Prolonged delays for vessels carrying Australian coal to China
Dr Martin Jonas, Director of Science UK and Dr Penelope Cooke, Managing Scientist have joined with the UK P&I Club for an article about the hazards faced and necessary precautions to be taken by vessels delayed with Australian coal at Chinese ports.
There are reports that vessels carrying Australian coal are still facing significant delays while they wait for authorisation to discharge in Chinese ports. Coal is listed as a hazardous cargo within Group B of the IMSBC Code and so vessels must follow the detailed requirements relating to gas monitoring, ventilation and pH monitoring of the bilges.
The recommended precautions are:
Gas monitoring (self-heating/methane emission hazards)
Coal shipments may self-heat and may (also) emit methane, as a result the levels of oxygen, carbon monoxide and flammable gasses (methane) must be monitored via the gas port. During lengthy delays gas monitoring should be conducted frequently and the results recorded and reported.
During a long delay, slow oxygen depletion is likely in unventilated cargo spaces for all coal cargoes. The most common type of gas meter employed on ships uses catalytic sensors to detect flammable gases (methane). This type of sensor does not function correctly in holds with depleted oxygen, and this may give rise to spurious high methane readings. Methane readings in holds with less than about 10% oxygen should be conducted with a gas meter equipped with an infrared sensor for flammable gas, or using a “splitter”-type attachment that augments the oxygen levels in the gas supply to the sensor.
pH monitoring (corrosion hazard)
The water draining out of some coals can be highly acidic and may cause corrosion to uncoated metal surfaces including tanktops, sounding pipes and/or bilge systems. To monitor potential corrosion damage to the vessel, the IMSBC Code requires all vessels carrying coal to be equipped to measure and record the pH value of cargo space bilge samples.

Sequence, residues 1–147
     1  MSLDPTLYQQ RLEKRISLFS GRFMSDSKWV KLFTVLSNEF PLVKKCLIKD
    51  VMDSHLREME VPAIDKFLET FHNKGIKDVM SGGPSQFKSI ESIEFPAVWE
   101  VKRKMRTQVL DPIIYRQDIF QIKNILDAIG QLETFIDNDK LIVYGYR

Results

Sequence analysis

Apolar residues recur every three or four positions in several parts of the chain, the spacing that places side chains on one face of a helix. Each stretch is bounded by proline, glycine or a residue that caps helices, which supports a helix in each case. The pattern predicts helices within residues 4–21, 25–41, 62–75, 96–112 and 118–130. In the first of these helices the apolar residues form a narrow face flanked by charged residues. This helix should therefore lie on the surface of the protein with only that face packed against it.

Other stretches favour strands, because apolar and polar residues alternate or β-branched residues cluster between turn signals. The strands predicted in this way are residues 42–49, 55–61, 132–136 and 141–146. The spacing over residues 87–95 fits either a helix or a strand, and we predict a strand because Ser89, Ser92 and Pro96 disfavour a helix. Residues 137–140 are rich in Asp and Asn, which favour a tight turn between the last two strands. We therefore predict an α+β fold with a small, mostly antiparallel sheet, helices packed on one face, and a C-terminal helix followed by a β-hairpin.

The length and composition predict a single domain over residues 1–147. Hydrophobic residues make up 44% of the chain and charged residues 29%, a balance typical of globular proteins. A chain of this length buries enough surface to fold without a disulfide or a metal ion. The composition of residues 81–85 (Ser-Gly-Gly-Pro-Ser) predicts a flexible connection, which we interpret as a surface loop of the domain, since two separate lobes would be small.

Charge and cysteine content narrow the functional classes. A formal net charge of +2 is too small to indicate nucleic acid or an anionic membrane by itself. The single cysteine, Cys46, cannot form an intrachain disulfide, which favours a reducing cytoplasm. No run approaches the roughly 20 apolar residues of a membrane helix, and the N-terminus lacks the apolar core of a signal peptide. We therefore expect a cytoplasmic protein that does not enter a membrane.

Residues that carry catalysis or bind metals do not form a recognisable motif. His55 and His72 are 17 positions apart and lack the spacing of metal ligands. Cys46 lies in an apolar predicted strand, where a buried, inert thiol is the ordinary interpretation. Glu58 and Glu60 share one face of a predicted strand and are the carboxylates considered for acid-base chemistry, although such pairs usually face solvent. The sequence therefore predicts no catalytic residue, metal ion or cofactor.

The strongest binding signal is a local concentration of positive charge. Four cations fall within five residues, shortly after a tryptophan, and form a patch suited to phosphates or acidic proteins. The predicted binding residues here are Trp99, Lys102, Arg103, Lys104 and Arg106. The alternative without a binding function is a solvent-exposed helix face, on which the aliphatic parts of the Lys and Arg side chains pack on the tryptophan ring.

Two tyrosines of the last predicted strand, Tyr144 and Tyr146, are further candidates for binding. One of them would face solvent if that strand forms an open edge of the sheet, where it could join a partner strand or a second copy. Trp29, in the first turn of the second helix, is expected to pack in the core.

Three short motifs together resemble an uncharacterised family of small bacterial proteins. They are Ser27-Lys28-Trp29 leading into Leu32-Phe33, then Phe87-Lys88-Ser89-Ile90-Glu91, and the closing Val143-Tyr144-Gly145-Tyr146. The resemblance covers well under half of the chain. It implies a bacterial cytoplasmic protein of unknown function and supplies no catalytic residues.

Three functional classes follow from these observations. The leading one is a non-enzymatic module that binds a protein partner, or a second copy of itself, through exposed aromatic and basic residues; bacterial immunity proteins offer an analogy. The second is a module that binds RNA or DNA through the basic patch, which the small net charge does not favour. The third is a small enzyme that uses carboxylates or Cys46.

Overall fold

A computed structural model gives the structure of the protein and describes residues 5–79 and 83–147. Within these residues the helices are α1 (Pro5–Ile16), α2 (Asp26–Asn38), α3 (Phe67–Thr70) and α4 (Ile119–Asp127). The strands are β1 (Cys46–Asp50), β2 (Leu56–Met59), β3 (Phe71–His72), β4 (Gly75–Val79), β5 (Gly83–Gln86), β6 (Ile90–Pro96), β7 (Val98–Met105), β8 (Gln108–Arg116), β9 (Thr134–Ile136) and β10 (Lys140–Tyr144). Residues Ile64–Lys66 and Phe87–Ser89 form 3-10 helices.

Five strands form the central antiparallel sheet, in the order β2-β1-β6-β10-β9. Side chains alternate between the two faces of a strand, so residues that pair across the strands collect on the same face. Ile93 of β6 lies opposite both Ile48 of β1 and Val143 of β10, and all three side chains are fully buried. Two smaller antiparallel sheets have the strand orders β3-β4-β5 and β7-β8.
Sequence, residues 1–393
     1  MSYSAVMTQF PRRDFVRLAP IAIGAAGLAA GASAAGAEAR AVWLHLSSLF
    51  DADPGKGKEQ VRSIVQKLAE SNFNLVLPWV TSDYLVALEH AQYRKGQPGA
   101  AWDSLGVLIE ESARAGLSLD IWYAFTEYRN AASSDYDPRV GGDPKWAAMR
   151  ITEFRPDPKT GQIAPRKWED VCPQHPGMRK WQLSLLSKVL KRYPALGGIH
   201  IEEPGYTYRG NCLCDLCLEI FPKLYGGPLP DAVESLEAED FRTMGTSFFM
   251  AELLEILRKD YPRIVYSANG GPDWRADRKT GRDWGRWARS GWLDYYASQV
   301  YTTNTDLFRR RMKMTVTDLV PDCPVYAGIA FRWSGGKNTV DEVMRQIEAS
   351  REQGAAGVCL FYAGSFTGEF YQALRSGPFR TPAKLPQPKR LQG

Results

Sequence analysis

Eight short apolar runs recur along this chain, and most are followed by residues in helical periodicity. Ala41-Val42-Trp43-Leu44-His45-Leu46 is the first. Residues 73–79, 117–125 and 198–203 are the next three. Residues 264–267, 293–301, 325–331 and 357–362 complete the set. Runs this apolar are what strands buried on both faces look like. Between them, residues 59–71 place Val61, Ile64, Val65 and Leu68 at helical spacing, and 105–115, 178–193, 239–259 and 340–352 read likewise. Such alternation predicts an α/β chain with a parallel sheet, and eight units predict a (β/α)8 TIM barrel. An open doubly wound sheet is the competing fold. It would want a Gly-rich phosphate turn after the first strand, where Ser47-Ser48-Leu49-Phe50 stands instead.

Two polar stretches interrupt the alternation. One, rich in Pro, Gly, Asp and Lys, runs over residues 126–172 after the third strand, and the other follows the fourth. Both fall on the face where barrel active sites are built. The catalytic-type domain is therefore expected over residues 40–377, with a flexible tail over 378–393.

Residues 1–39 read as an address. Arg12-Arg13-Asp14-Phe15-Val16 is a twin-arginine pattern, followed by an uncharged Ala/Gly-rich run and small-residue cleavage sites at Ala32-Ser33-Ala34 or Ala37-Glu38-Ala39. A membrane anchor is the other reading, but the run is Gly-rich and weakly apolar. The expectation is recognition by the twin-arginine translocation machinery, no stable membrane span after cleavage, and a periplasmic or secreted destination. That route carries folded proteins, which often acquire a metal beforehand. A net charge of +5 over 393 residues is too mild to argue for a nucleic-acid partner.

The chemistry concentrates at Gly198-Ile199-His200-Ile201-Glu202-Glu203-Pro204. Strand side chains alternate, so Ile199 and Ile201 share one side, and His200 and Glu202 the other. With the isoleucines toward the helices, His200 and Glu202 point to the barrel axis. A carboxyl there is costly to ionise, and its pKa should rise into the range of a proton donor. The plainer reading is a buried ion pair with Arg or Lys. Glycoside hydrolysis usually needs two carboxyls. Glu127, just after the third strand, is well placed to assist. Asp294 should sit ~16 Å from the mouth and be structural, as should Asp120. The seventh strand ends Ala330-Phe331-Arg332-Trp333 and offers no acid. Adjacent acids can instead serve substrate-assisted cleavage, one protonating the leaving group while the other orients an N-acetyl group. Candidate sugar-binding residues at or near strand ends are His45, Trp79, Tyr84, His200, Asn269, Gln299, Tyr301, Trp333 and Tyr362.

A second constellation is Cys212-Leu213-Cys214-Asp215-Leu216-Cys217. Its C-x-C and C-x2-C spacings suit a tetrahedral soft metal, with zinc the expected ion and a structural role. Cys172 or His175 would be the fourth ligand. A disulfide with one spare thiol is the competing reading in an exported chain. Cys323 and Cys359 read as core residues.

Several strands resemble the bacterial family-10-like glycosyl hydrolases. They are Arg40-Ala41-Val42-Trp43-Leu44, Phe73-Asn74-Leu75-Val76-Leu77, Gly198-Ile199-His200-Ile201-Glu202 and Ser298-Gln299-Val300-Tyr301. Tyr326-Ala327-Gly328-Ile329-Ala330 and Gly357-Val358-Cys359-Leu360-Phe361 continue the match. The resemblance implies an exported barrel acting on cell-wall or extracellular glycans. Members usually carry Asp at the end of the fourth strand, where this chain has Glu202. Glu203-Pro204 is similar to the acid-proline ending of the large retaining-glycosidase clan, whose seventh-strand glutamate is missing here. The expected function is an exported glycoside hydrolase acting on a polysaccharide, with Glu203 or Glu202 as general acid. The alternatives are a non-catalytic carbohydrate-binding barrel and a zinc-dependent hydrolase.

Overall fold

Regular bilge testing must be systematically carried out during the voyage and during any waiting periods or delays. If the pH monitoring indicates that a corrosion risk exists, the bilges should be frequently pumped out during the voyage to avoid possible accumulation of acids on tanktops and in the bilge system.
Based on past cases, the pH values may be acidic from the outset, or may decrease from neutral to acidic over time. In this event, expert advice should be obtained. If there is a concern about potential corrosion, a thorough inspection of the metal surfaces which have been in contact with the coal cargo or bilge water should be carried out after discharge.
A further consideration for vessels at anchorage is that depending on the distance from shore, they may not be permitted to the pump the bilges. However, reported cases of significant corrosion are relatively rare, and at this stage it is not known if there is an increased risk of corrosion for the vessels currently waiting off China with Australian coal.
The full article can be read here.
For those wanting more information about bulk cargoes, the comprehensive practical guide written by Dr Martin Jonas, Brookes Bell’s Director of Science UK and Brookes Bell’s (now retired) Master Mariner Charles Bliault, for the North of England P&I Association may be of interest.
The practical reference work covers; Safety, rules and regulations, Operations and maintenance, Identification, care and carriage, Understanding the hazards, Cargo specific information, The voyage and a Guide to basic records.